The only (slight) critique of the romance that I have is that I think the pacing is ever so slightly off. Kiem and Jainan spend the first half of the book becoming both more baffled by and more attracted to each other. It starts to feel increasingly unlikely that they will EVER find a way to bridge the widening gap between them. Because of this, once they do have an honest conversation about their feelings, the quick transition from “oh we actually do like each other” to “lets have sex” feels a little abrupt for me. Since there is so much awkwardness leading up to the feelings confession, I wanted to see the relationship spend a little more time in that space of “we know we’re into each other, but we are still kind of feeling everything out together.” I still found the overall romance arc very satisfying; I just wanted it to have a little bit more room to breathe and grow slowly in the middle part of the book.
While I do think the romance is the central plot, a substantial portion of the story concerns court and military political intrigue. Jainan believes Taam may have been murdered, and Kiem and Jainan’s moderately clumsy attempts to investigate get them embroiled in all kinds of plots and counter-plots. Meanwhile, The Resolution’s representative, a mysterious figure called the Auditor, is putting up obstacles to the renewal of the Resolution treaty in a pleasingly obscure, procedural manner befitting a mid-level intergalactic space bureaucrat. The courtly intrigue aspect was sufficiently twisty and fun to keep me engaged and highly entertained. A lot of intersecting people and concerns are deftly handled in the story and come together without feeling confusing or messy.
In addition to the romance and the political plot, which I loved, Winter’s Orbit has a few other strengths I want to highlight. The secondary characters are delightful, especially Kiem’s aide, Bel, who is scarily competent and dryly humorous. I hope she gets her own book!
There’s also a lot of humor in this book that lightens up some of the heavier emotional content. For example, one the first page, when Kiem meets with his stern and foreboding grandmother:
The warm rays that lit the wrinkled Imperial countenance should have softened it, but even the sunlight had given that up as a bad job.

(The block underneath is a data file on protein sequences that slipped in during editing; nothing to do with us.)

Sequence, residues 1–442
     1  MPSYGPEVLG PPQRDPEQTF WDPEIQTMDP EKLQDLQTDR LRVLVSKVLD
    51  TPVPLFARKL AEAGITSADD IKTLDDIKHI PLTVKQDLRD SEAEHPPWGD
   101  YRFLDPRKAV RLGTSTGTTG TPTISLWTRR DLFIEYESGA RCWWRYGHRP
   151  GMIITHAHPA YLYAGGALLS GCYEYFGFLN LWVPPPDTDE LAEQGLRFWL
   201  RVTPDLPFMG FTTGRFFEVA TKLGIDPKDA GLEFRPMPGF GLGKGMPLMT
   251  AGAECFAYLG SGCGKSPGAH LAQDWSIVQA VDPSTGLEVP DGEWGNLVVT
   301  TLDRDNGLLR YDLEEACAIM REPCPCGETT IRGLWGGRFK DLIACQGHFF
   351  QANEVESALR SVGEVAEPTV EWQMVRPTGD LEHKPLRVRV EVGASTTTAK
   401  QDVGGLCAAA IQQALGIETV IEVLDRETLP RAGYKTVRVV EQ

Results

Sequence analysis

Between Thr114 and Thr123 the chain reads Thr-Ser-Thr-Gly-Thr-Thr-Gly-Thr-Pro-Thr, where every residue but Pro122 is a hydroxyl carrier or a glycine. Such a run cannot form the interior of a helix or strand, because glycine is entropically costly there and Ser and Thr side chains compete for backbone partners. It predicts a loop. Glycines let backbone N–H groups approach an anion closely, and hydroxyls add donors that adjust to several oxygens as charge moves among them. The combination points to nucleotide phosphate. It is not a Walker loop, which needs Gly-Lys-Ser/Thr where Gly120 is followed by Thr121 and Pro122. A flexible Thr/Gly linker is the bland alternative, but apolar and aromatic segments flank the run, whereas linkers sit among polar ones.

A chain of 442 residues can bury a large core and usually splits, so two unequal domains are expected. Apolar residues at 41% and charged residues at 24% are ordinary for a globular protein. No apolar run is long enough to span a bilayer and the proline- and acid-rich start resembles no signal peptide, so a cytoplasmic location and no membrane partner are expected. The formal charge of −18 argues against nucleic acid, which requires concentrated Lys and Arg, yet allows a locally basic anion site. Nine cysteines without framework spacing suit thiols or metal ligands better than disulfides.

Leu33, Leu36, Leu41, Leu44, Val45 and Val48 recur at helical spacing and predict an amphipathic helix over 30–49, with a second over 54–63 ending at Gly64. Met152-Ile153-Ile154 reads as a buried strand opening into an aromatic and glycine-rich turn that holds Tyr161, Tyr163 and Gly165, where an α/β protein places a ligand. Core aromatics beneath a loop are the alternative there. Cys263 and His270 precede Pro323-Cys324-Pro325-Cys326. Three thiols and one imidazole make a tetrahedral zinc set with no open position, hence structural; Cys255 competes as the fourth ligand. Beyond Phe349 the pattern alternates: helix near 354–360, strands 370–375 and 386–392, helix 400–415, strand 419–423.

Finally, Winter’s Orbit does a great job conveying how mystical any technology is to people who don’t understand it. The Resolution’s technology is strange and terrifying to the people of the Iskan empire, and the Auditor comes across like nothing so much as an implacable, eldritch angel. I love science fiction with some element of mysticism entwined with all the super science-y stuff, so this was delightful to me. Here we meet the Auditor:
The most startling thing was the shell of illumination that cut off his eyes and most of his face. It wrapped around his forehead and eyes like armor, a color that Jainan’s visual receptors refused to parse. Jainan thought he could see human features through it but couldn’t quite make them out; he felt nauseous when he looked at it.
I am here for this freaky light-helmet action.
I do have one world-building note here that I found to be both a strength and a source of some consternation for me at the same time. On Iskan V, individuals indicate their gender via their choice of personal adornment (e.g. earrings/hair clips/bracelets/etc): wooden for man, flint for woman, glass for nonbinary. Thea seems to have its own gender-indicating system involving scarf tying, but it is basically the same in that it uses a system to “flag” one of three genders.
While I was quite intrigued by this and I appreciated seeing a gender system different than the typical Western gender schema that is often reproduced more or less without alteration in sci-fi, I did wish it was further explored. There seemed to be nothing else to this gender system other than the ability to self-ID into one of three categories, which struck me as strange, because no gender system has categories and nothing else. What I mean is, even in a three-gender system based entirely on self-ID, it seems as though there would be norms of some kind associated with each of the three genders for dress or behavior or something and this seems absent. It almost feels like the reader is left to just mentally substitute in whatever norms about men, women, and nonbinary people they are familiar with, which somewhat undercuts the attempt to do something different with gender here.
Second, and in my opinion even more important, all gender systems have within them people who do not conform to the system, no matter what it is. This is absent from Winter’s Orbit. I wonder why we never see any character who wears multiple different gender-signifying adornments, or switches them up from day to day. Granted, I am probably thinking way harder about this than most readers because I am both a nonbinary/genderqueer person and my master’s thesis was literally about how gender is theorized, but I think underneath that is a legitimate, though small, hole in the world-building. I guess TL;DR on this is that I was psyched that there was nonbinary representation and a world with no stigma associated with being nonbinary in this world (yay!) but from a craft perspective I like to see these kinds of worldbuilding schema completely built out with the implications fully explored.
Taking into account my minor nitpicks around pacing and worldbuilding, this was still an amazing book. I think it managed to take on a lot both in terms of the sheer amount of plot and the emotional weight of the content, while still creating a fun, gripping reading experience. I loved the characters, the intrigues, the humor, and most of all, the romance. Honestly, if I could join any fictional couple to make a throuple, it would probably be Kiem and Jainan. If you enjoy sci-fi, arranged marriage/marriage of convenience stories, courtly intrigues, and/or slow-burn romance, I think Winter’s Orbit is a great choice.